Is this true?
What is community?
Communities are groups of people defined and separated by common interest. A community's core looks like yin and yang, relying on supporters and detractors to define inclusion and exclusion. In the UK, Conservatives wouldn't be Conservatives unless the Labour and Liberals existed. Red Sox Nation needs its Evil Empire. The survivors of Oceanic 815 need The Others.
Communities need barriers to entry - whether natural or artificial. Does being human make you part of a community? Ask your dog or cat. Green marketers would have us think so. Hollywood, too. I know Lew alludes to issues of gender, race, and religion...but I'm going to steer clear of those here and focus on community in a business sense.
We all know that "the conversation" exists. By definition, community exists as well. That's why companies run into problems when they use social media for marketing communications. It's good to listen to the conversation and to acknowledge the speakers. But the speakers expect a response, because the company is a participant. That's why many individuals are afraid to participate - companies can't blog/tweet/podcast - only people can. And people often don't know if they're allowed to speak for the company. While the people who can (e.g. PR, Corp Comm) stick to traditional one-way channels.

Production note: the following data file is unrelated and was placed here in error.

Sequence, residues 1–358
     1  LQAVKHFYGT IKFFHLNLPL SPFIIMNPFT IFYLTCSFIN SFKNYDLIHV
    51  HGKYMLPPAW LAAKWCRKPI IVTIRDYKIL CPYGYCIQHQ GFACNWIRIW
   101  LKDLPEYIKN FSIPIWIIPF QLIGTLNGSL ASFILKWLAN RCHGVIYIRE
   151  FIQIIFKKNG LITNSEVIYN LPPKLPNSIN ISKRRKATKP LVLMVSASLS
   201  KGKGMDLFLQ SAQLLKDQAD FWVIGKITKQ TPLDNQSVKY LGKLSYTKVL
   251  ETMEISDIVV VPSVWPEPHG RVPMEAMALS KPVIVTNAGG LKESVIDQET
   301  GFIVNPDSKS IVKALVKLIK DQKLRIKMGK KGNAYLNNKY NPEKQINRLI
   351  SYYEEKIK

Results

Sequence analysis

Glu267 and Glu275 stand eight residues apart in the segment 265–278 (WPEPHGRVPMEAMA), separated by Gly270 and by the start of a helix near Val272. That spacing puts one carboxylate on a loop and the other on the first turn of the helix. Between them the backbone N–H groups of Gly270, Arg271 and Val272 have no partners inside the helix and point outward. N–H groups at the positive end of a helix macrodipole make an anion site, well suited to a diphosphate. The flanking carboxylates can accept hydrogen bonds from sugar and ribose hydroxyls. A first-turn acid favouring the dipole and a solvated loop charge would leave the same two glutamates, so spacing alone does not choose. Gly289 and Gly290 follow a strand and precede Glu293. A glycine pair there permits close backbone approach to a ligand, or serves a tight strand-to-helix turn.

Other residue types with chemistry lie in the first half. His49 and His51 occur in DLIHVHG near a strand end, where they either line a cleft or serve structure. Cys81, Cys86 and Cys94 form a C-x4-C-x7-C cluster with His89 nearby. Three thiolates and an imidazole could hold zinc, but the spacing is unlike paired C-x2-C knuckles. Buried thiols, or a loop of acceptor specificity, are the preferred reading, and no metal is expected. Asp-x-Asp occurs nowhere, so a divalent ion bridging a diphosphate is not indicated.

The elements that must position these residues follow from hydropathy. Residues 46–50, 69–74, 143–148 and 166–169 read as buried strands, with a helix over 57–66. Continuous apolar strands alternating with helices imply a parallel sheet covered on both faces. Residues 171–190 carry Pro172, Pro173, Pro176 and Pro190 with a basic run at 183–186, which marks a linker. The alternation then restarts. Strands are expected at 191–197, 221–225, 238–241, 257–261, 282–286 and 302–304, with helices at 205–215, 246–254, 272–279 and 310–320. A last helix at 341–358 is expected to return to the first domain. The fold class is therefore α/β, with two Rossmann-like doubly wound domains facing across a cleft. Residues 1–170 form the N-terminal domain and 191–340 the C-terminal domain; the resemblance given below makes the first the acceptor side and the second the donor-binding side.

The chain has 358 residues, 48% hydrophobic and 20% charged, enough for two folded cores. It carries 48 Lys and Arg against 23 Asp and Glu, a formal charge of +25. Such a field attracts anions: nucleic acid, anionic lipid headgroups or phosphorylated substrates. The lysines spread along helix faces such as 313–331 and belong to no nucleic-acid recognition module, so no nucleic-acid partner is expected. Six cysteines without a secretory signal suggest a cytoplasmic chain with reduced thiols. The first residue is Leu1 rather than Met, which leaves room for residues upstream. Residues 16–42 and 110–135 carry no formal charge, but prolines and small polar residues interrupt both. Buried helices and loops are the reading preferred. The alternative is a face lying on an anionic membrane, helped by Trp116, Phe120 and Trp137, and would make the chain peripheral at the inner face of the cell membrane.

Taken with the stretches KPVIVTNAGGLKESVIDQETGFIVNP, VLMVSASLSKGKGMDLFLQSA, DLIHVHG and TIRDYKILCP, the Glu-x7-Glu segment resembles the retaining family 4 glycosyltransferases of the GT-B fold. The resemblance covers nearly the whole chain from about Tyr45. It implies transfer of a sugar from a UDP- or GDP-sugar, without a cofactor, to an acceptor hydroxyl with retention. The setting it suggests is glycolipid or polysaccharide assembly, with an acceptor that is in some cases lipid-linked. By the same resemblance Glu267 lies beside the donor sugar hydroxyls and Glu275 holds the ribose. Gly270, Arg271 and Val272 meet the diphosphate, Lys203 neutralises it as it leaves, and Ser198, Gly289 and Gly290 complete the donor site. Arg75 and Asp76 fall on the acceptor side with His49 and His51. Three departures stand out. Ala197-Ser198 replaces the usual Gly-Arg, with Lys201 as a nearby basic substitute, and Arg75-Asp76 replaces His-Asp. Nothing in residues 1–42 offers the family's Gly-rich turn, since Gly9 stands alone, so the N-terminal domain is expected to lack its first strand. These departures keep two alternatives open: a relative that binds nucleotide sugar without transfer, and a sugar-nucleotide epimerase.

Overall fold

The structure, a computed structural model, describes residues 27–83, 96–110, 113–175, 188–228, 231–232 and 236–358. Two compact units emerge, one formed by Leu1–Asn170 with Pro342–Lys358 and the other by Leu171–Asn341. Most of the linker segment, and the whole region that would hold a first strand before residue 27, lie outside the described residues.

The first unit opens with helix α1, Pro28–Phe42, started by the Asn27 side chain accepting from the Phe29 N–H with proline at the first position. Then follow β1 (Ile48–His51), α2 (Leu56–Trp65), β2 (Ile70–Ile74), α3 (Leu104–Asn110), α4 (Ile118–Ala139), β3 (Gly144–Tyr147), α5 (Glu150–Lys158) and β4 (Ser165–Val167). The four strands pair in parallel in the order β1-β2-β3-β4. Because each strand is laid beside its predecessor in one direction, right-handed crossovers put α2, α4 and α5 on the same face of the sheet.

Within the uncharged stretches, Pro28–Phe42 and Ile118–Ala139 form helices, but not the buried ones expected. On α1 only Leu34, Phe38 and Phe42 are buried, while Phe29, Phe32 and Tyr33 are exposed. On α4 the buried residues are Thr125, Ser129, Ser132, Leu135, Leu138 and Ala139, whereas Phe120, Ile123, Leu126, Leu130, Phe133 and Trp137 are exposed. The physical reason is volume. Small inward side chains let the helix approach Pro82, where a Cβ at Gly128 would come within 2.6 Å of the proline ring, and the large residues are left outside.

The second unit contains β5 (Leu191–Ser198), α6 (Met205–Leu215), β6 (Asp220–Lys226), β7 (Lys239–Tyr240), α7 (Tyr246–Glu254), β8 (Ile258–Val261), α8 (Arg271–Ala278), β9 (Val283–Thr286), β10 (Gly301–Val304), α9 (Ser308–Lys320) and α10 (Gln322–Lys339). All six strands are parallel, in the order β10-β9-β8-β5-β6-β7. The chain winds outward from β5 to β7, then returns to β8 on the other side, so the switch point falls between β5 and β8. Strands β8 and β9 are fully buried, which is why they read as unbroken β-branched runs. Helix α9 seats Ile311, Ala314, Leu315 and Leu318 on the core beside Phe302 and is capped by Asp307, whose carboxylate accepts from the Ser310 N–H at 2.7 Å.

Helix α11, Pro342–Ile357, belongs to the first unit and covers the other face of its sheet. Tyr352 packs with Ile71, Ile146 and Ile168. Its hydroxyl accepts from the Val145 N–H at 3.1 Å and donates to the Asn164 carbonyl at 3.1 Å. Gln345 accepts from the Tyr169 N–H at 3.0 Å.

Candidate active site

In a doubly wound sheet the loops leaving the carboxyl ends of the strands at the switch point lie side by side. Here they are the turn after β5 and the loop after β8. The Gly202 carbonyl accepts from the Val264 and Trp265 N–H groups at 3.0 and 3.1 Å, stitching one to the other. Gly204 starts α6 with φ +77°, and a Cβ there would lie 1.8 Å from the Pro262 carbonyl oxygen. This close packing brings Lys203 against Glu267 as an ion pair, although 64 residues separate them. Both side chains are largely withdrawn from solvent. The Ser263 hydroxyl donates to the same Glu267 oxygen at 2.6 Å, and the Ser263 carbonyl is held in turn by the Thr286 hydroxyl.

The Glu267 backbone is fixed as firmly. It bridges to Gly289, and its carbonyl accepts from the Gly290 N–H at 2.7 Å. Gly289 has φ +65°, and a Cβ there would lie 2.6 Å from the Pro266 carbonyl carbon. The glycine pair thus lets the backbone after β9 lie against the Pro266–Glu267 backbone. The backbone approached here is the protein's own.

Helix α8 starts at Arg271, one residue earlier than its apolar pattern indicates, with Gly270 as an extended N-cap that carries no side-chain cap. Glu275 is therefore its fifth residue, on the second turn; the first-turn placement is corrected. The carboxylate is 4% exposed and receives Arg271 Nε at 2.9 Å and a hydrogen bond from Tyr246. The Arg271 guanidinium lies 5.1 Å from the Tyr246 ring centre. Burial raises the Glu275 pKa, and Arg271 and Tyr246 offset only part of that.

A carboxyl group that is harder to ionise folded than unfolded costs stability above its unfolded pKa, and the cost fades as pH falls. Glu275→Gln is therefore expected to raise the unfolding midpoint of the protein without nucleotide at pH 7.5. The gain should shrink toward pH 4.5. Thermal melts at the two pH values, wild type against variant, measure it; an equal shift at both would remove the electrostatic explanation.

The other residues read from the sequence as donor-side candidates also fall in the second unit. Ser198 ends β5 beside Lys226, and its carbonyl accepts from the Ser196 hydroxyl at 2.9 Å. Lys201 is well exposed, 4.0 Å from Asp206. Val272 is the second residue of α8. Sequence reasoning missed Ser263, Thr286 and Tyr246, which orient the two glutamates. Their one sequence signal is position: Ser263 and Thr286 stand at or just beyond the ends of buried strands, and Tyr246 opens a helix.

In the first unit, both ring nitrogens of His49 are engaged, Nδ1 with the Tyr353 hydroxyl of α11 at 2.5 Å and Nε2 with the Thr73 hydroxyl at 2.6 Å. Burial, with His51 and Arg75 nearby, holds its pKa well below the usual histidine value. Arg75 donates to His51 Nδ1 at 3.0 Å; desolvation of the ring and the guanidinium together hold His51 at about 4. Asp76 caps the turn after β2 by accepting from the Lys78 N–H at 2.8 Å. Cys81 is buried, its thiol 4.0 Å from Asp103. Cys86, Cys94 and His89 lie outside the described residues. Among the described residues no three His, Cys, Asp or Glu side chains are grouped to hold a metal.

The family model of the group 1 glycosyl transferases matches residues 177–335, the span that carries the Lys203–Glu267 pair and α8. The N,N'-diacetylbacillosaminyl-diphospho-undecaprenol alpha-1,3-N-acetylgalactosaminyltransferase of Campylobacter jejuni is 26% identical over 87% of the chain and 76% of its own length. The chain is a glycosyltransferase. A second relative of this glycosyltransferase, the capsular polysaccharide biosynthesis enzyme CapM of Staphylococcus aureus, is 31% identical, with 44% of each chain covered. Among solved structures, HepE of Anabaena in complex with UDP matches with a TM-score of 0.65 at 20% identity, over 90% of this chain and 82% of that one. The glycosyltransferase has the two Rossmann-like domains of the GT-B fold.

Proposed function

The core of community lies within the corporation. Companies are already social - we have business units and divisions, functional departments, and softball leagues and charity outreach groups. Your corporate community connects all the time - company meetings, hallway conversations, and via email or phone. However, when it comes to external communication and connections, companies operate like a jail, preventing contact with the outside world and releasing inmates every evening into the community, returning to lock-up the next morning.
So what's so tough about enabling connections in corporate communities with social technology? I.e. allowing the company to connect with the outside world during the day instead of only every night during work release?
Well, most companies don't resemble the "porous membrane" as pictured above by Hugh McLeod and operate instead like a castle with moat. Moreover, many brands secretly fear that connecting with the community will lead to dilution and destruction.
It's notable that castles today aren't seats of power, but are maintained as reminders of a distant past. Lew is spot on, that "exclusion hurts everyone, including members of the exclusive group" - especially when it comes to your corporation and its community.UPDATE: Awareness study released today, "Trends and Best Practices in Adopting Web 2.0 in 2008" states that 69% of responding companies allow employees to use social media for business, up from 37% in 2007. Looks like the "castle mentality" is crumbling already.